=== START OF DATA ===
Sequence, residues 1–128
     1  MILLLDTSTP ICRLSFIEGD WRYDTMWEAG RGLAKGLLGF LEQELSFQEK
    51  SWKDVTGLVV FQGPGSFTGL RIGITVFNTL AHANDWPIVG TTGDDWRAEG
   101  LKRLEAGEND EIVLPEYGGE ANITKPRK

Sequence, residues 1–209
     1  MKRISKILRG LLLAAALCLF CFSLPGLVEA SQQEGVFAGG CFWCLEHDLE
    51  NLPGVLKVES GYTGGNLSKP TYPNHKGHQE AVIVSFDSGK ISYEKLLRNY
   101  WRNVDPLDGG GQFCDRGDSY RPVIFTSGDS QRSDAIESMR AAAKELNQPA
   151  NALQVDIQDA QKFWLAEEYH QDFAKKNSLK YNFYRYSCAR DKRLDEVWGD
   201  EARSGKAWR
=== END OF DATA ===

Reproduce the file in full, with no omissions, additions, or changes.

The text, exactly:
Sequence, residues 1–128
     1  MILLLDTSTP ICRLSFIEGD WRYDTMWEAG RGLAKGLLGF LEQELSFQEK
    51  SWKDVTGLVV FQGPGSFTGL RIGITVFNTL AHANDWPIVG TTGDDWRAEG
   101  LKRLEAGEND EIVLPEYGGE ANITKPRK

Sequence, residues 1–209
     1  MKRISKILRG LLLAAALCLF CFSLPGLVEA SQQEGVFAGG CFWCLEHDLE
    51  NLPGVLKVES GYTGGNLSKP TYPNHKGHQE AVIVSFDSGK ISYEKLLRNY
   101  WRNVDPLDGG GQFCDRGDSY RPVIFTSGDS QRSDAIESMR AAAKELNQPA
   151  NALQVDIQDA QKFWLAEEYH QDFAKKNSLK YNFYRYSCAR DKRLDEVWGD
   201  EARSGKAWR